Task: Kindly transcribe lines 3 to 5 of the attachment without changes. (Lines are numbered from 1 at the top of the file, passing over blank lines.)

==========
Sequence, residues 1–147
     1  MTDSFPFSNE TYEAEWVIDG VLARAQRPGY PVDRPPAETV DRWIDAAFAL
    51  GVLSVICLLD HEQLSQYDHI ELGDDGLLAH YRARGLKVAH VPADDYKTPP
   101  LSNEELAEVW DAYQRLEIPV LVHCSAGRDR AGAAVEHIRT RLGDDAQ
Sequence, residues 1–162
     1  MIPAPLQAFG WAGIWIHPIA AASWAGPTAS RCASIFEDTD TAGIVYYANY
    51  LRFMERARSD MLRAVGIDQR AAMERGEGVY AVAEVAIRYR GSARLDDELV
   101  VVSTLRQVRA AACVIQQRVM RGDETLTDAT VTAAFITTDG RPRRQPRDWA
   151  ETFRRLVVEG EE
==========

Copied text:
    51  GVLSVICLLD HEQLSQYDHI ELGDDGLLAH YRARGLKVAH VPADDYKTPP
   101  LSNEELAEVW DAYQRLEIPV LVHCSAGRDR AGAAVEHIRT RLGDDAQ
Sequence, residues 1–162